By Alex P80 Parks
One of the top talents of this renaissance of underground hip hop, New York’s Rome has been carving out his spot for several years now. His street stories, imaginative details and wordplay are among the best in the game. Brooklyn’s Rome Streetz and UK’s Farma Beats combine to drop Street Farmacy, a gritty album full of crime sagas, warnings and bleak realities. Rome takes listeners on a jaunt, past all the broken Pyrex, right through the dope spots, with fisheye looks from the fiends with dirty needles. The beats simultaneously pull your ears on a different journey.. Get your passports ready, as Farma seems to use samples from a variety of genres from all across the globe.
Rome Streetz is an undeniable talent. His singular voice aside, technically, Rome is an amazingly talented emcee. He has the ability to tell a story in vivid detail. Rome Streetz dishes all the dirt he’s done in his past. Not as a braggart, but as a cautionary tale. This is the life, with full sensory accounts to immerse the listener in his world. Conceptually, he can stay on-topic without sounding unimaginative. Rome continues to push his name up in the ranks of the elite emcees.
Farma typically stays pretty minimal with his beats. That simplicity allows listeners to really focus on clarity, audio fidelity and the subtleties working in harmony. While Farma may employ some dusty samples, his production is always clean, well-mixed and never seems rushed or forced. The samples seem to be pulled from every continent, with elements that echo sounds from Italy, Eastern Europe, the Middle East and Asia.
Obviously, Rome’s done well selecting beats in the past, and this album proves no exception. Farma makes it easier for Rome though, as his beats on this album are on-point. Farma provides the appropriate soundscape for Rome’s nostalgic gritty NY street talk.
“Nasal Drip” sets the tone for the album with an apocalyptic nuclear wasteland vibe. With “Scale Tales,” Rome jumps right into his bagging-up days over a plinking piano riff and heavy bass plucks. You can hear the triple beam and hand scales being adjusted every so subtly in the background.
“Kobra Klutch” check out the visuals from this single :
“Crime Scene” is a robust cinematic joint full of imagery and notable details. Make sure this one is played with some decent speakers because Farma rattles your seats with this banger.
“I wonder how a person who died for nothing would feel,
They ghosts looking down on the body like ‘this shit real?’
swear to haunt the souls of the n***as that got them killed
Do they play the passenger, let Jesus take the wheel?
I heard somewhere your soul roams the Earth for thirty days,
After you die will god determine if Heaven or hell’s your fate.
Different moves I know he prolly wish he would make.
Go right instead of straight.. too late, he felt the .38.
I wonder is it life after or is it pitch black,
Your heart rate go flat (beeeeeep).. nothing after that.”
On “Evol x Etah” Rome describes the difficulties navigating true friendship, differentiating between those true and the ones looking for a handout. Untrustworthy crew members, jealousy and envy of those closest are all crucial to Rome’s doubts. A well arranged track featuring a haunting chopped vocal sample, this beat is perfect for Rome to question his social relationships and how he has to approach the people in his life. How quick people can change; How fine that line can be, from love to hate. Rome confesses his paranoia and anxieties as he tries to sort it out. He even provides some advice to remain a skeptic and scrutinize the motives of those in your circle.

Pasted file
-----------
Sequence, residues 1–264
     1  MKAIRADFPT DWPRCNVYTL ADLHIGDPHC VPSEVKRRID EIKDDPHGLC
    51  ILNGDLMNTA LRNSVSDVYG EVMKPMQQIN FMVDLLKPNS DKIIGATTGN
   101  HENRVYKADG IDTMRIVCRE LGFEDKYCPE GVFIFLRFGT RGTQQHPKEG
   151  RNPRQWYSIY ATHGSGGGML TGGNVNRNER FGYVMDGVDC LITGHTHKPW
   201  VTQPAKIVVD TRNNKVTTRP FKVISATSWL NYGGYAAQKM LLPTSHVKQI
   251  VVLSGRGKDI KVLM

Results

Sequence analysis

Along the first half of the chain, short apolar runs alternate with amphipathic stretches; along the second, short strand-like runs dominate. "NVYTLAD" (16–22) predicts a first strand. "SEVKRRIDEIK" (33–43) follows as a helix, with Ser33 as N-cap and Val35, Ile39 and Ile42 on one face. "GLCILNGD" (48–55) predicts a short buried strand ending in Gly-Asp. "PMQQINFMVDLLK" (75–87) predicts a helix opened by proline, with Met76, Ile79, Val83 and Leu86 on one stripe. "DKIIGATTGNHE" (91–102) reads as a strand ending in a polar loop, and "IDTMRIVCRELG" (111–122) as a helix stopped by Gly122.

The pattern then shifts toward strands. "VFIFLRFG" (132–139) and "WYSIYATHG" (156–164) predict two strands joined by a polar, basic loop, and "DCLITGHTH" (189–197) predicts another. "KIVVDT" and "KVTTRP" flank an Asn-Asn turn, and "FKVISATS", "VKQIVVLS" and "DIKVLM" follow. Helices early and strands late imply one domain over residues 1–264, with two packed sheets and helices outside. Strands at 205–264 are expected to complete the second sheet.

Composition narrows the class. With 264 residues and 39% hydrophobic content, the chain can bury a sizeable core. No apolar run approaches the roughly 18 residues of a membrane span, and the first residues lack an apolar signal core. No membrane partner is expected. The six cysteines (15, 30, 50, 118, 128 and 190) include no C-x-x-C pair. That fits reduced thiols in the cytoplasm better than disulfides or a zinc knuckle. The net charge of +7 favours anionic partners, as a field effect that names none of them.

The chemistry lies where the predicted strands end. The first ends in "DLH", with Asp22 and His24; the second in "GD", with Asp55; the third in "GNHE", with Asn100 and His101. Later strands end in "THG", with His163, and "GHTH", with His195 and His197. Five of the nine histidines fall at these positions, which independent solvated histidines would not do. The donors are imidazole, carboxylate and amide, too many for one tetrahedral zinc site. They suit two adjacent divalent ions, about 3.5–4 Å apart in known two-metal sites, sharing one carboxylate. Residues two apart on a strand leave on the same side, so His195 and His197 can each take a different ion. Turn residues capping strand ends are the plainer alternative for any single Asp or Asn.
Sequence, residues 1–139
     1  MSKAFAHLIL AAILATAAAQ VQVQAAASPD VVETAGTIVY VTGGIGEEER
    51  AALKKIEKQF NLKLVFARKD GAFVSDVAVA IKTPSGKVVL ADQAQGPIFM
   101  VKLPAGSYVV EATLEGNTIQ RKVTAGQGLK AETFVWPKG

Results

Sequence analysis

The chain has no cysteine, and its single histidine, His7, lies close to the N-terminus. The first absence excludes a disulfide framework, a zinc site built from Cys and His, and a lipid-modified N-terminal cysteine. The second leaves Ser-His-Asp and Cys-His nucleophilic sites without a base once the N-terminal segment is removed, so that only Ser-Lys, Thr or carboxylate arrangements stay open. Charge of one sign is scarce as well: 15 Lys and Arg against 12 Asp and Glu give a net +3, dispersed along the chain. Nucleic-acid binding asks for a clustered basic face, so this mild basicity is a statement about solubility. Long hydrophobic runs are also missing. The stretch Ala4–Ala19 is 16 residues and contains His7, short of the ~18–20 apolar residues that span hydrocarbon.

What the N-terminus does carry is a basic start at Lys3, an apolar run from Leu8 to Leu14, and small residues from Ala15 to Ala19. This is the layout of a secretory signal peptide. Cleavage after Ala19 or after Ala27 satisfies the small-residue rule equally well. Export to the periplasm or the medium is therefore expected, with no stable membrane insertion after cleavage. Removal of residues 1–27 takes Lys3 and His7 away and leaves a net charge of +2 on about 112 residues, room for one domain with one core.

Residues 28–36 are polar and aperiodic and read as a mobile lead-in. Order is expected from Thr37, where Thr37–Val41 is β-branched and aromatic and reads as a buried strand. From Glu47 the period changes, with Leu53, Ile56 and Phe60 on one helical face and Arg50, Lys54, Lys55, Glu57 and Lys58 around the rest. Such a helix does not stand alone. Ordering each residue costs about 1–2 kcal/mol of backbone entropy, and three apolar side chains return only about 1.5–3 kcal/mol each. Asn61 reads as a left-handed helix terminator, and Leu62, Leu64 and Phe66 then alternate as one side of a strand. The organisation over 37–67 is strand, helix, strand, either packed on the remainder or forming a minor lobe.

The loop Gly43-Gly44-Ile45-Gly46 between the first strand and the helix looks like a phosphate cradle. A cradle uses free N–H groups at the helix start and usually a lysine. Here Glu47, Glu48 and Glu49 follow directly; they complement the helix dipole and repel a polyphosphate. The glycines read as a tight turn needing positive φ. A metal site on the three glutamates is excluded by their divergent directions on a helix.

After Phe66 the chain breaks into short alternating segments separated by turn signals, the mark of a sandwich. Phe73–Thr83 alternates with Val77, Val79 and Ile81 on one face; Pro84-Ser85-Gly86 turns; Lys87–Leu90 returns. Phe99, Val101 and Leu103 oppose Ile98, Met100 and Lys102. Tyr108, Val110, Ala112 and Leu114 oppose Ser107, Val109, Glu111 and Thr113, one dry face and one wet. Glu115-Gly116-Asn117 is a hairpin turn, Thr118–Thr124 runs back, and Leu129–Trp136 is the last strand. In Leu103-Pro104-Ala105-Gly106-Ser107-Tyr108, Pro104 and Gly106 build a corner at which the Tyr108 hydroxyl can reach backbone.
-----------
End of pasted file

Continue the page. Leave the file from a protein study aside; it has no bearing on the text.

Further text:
“Wickedest Ting” feat Daniel Son Farma lays an ominous organ which resonates for the entire track. Both Rome and Daniel Son deliver top notch verses on this track. Obviously an ill duo to watch for future collaborations. Check the visuals here:
Farma chooses some of the best guitar samples for his beats, especially on “Feasting” feat. Magno Garcia and Flashius Clayton. This track would make the legendary Ennio Morricone proud with the arrangement and feel.
Rome takes you on this lavish feast, celebrating as he starts:
“Crack the lobster,
Pour the Henny,
Roll the reefa up
All these low frequency n***as can’t eat with us”
All three emcees deliver amazing verses. A standout track on this album and all of 2018, with a great combination of a well paced beat, an incredible sample and perfect verses from three of the underground’s best lyricists.
In “Street Farmacy” it’s as if Rome is shoving through a crowd at a Moroccan Flea Market, stressing the agents watching him, sweat drenched in the vintage polo gear.
Guest spots on Street Farmacy are used sparingly but come from top tier talents Daniel Son, SmooVth, Magno Garcia, Flashius Clayton, Mooch and Rigz. They all bring their own individual styles to pair well with Rome’s quick- tongued rhymes.
Rome and Farma connect for an excellent album. One of this year’s best, and Rome’s best complete work to date, Street Farmacy is full of vivid imagery. Epic stories of drug abuse, crack spots and crime tales flood this album with a harsh vision that listeners can’t pull themselves away from.
Cop the album here: